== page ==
National riparian restoration database project

Riparian planting [Photo: NIWA]

The issue

New Zealanders are investing large amounts of time, energy and money into riparian fencing and planting, yet there are surprisingly few New Zealand case studies providing information about how different approaches to riparian planting influence improvements in water quality and stream life. NIWA wants to change that by undertaking a five-year nationwide study to find out what approaches work best and to provide better guidance to the people and groups undertaking stream restoration.

The approach

In the first year of the project NIWA wants to register as many riparian projects as possible. We need farmers, community groups, iwi and others involved in stream restoration help to make this happen by registering their riparian project through a short survey at We want to find out just how much is being invested and what a typical riparian project is like—how long, how wide, where it is located, how it is being supported and what the main goal is. This information will form the basis of the National Riparian Restoration Database.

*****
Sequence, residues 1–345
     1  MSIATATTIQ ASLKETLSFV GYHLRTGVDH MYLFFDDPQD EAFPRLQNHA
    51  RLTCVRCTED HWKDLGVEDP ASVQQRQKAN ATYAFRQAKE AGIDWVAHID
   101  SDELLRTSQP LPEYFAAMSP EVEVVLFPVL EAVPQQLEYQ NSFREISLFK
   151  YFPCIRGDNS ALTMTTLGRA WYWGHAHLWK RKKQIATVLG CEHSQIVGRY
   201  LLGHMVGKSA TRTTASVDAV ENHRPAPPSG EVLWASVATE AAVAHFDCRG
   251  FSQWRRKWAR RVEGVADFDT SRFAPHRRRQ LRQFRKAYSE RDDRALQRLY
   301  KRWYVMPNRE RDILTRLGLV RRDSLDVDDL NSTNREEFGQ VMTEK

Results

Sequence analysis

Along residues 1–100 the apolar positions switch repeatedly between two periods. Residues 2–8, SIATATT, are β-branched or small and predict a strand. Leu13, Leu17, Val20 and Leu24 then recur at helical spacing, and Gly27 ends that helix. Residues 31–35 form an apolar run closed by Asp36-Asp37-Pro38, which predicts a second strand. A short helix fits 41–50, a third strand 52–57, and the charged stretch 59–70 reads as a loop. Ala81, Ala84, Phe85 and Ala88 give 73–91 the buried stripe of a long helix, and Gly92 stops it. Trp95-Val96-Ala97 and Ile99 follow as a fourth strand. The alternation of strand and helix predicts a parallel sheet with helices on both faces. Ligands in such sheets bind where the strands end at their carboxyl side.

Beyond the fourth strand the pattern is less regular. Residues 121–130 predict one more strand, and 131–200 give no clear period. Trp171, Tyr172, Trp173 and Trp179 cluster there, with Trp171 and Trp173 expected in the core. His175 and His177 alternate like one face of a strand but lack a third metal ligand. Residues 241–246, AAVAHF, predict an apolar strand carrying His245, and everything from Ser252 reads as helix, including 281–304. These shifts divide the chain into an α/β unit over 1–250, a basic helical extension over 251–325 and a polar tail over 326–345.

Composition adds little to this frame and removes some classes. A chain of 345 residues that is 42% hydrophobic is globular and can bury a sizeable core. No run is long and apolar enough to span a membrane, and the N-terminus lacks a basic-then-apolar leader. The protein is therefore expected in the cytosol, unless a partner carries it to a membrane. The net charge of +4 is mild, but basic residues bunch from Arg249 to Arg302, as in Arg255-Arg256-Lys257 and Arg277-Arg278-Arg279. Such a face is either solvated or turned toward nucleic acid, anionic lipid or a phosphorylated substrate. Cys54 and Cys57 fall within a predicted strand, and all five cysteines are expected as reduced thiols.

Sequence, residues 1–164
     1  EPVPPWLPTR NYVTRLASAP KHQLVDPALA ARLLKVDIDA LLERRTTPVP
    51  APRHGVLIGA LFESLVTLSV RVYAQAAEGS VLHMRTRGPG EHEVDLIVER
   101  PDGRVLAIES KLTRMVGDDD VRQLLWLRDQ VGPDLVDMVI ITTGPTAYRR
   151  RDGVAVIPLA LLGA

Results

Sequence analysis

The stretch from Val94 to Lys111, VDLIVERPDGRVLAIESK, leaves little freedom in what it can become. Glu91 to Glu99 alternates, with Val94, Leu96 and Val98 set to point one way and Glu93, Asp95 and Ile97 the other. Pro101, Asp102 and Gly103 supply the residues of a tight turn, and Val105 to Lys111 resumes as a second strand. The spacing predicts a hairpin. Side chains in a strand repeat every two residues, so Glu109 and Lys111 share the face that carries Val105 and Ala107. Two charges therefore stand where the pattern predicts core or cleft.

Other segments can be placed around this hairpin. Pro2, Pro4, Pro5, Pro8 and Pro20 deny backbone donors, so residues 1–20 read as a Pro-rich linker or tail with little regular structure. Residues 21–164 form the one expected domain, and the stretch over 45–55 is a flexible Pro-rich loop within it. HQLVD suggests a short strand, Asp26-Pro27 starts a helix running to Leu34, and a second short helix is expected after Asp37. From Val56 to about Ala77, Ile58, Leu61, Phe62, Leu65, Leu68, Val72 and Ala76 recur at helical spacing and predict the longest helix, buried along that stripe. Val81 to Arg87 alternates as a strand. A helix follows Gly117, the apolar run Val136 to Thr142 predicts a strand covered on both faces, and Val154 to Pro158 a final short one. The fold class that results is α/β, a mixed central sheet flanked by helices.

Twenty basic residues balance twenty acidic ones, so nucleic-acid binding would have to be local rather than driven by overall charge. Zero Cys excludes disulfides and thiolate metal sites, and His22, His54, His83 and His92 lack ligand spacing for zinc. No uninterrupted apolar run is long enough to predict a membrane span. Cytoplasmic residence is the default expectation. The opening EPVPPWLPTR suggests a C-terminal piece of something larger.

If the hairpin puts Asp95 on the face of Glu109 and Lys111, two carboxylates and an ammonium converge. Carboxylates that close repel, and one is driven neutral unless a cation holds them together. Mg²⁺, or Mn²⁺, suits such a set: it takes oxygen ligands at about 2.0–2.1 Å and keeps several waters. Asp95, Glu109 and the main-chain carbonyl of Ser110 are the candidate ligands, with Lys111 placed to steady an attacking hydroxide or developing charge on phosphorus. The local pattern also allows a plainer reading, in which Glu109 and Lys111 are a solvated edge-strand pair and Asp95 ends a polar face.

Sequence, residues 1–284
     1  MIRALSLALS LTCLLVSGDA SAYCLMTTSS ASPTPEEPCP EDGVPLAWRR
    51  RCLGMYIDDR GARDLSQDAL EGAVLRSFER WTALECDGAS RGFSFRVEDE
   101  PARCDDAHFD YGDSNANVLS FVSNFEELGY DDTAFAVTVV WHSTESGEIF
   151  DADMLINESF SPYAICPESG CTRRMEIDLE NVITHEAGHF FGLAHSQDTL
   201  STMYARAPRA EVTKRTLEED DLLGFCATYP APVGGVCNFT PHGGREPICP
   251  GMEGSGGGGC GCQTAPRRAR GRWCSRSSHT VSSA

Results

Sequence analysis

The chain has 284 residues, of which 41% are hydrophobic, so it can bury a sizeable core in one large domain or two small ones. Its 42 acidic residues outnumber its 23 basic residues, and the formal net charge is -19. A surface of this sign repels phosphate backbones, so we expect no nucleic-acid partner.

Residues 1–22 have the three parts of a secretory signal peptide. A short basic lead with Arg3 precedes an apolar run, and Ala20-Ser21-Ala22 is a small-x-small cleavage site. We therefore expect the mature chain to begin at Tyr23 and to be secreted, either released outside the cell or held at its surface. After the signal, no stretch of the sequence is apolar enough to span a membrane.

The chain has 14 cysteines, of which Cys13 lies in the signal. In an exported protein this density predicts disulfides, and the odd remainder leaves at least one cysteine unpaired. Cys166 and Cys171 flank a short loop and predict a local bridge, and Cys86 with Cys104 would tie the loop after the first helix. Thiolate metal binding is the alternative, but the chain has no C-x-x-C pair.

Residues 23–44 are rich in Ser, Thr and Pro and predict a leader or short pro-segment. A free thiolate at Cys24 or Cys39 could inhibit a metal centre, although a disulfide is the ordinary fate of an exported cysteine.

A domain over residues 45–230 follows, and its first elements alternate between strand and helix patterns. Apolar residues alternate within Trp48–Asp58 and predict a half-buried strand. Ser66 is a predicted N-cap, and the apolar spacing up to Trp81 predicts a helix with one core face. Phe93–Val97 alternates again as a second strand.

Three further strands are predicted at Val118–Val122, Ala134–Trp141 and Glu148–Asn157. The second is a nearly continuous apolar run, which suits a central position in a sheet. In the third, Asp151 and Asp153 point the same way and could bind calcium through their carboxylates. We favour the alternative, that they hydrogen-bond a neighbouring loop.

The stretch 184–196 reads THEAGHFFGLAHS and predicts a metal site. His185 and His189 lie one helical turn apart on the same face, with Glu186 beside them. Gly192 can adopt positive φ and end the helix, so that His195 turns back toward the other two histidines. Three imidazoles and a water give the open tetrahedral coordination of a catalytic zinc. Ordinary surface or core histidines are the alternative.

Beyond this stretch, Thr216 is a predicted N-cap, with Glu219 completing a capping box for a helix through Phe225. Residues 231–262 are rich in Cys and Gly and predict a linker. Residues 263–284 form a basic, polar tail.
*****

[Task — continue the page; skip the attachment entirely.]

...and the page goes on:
Once we have recorded as many riparian projects as we can we will select a few of them and train, equip and support volunteers to monitor them. The citizen scientist or group would need to commit about 23 hours per month for a period of 12–18 months. NIWA will provide all the equipment and training needed. People and groups can register their interest in becoming a citizen scientist while filling out the survey or by emailing [email protected].nz.

Within this project we are also developing a range of resources to better support volunteer stream monitoring in New Zealand. This includes:

  • Upgrading NIWA’s Stream Health Monitoring and Assessment Kit to make use of new technologies and scientific methods
  • Improving training resources, including online videos, field manuals
  • Developing a web-based database for volunteers to store their data, view summaries of what they have found, see changes over time and compare their data to others in their area and across New Zealand
  • Working with councils and environmental groups to provide better field support, funding opportunities and communication with other stream monitors.

The project is funded through the Strategic Science Investment Fund from the Ministry of Business, Innovation and Employment. 

Page last updated: 
27 September 2017